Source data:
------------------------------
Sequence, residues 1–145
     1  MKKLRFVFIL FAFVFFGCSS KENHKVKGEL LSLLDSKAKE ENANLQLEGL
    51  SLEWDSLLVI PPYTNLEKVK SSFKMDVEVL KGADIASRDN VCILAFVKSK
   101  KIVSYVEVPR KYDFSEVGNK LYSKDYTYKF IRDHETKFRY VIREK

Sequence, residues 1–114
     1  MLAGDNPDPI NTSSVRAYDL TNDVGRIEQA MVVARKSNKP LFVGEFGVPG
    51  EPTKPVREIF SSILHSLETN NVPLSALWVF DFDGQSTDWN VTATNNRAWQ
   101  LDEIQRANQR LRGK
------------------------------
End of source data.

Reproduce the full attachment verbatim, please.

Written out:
Sequence, residues 1–145
     1  MKKLRFVFIL FAFVFFGCSS KENHKVKGEL LSLLDSKAKE ENANLQLEGL
    51  SLEWDSLLVI PPYTNLEKVK SSFKMDVEVL KGADIASRDN VCILAFVKSK
   101  KIVSYVEVPR KYDFSEVGNK LYSKDYTYKF IRDHETKFRY VIREK

Sequence, residues 1–114
     1  MLAGDNPDPI NTSSVRAYDL TNDVGRIEQA MVVARKSNKP LFVGEFGVPG
    51  EPTKPVREIF SSILHSLETN NVPLSALWVF DFDGQSTDWN VTATNNRAWQ
   101  LDEIQRANQR LRGK